I had to be there at 7 AM on a Sunday morning, not my idea of a weekend well-spent. It was inventory at Structure, that loathsome time of the year when stock had to be taken, merchandise counted, and every last belt and pair of socks entered into the computer system. On this particular Sunday, I was still working at the first Structure I ever worked at: the Faneuil Hall location (now an offensive Abercrombie & Fitch).
It was October 1996, and Hurricane Lili was raging when I woke up. I was about to have my heart broken, or so I thought. That’s what it felt like, anyway. Even if it had all happened before. Even if it would all happen again.
I walked out to the kitchen and looked outside at the gray world. The rain was pouring down, and the wind was raging. Walking the few short blocks to the T station would have me soaked before I even started the long day. I thumbed through the phone book and called a cab. In all my years in Boston, it was one of the first times I used a taxi to get around, but it was absolutely worth every penny. I ducked into the yellow car and we sped off through the volatile weather.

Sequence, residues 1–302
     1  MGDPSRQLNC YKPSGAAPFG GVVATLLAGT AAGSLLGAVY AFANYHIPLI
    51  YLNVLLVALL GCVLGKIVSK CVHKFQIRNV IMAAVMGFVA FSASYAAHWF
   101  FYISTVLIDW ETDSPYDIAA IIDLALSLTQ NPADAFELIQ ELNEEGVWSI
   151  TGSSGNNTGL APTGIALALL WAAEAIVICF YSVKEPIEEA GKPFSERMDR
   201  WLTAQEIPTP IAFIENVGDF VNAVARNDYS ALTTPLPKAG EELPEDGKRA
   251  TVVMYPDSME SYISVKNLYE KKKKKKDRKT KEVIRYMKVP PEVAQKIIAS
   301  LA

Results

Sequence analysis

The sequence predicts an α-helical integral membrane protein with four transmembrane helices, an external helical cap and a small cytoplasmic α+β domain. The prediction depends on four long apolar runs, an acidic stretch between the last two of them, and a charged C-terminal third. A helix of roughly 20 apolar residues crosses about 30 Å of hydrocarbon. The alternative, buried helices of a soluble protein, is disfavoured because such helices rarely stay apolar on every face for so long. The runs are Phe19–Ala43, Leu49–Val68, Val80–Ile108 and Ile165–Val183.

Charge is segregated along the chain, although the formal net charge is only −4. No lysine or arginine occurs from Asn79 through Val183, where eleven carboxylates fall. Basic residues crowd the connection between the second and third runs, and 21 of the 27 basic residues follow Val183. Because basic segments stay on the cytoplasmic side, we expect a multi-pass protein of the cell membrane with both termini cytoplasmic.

Like waiting for a furniture delivery or in the extra hour of Daylight Savings, inventory was one of those bracketed pockets of time which feel removed from the rest of the world. A few other sleepy workers had already arrived, and soon we set to work. It was good to occupy the mind, and the hands. So much of survival depends on the simple task of keeping busy, of keeping in motion. Stillness and quiet allow the heart to go turbulent. I kept myself moving, faking a laugh with my co-workers, and eventually, years later, the laughter became real, until I could no longer tell what hurt so much. That’s the only way to trick the heart.Back to Blog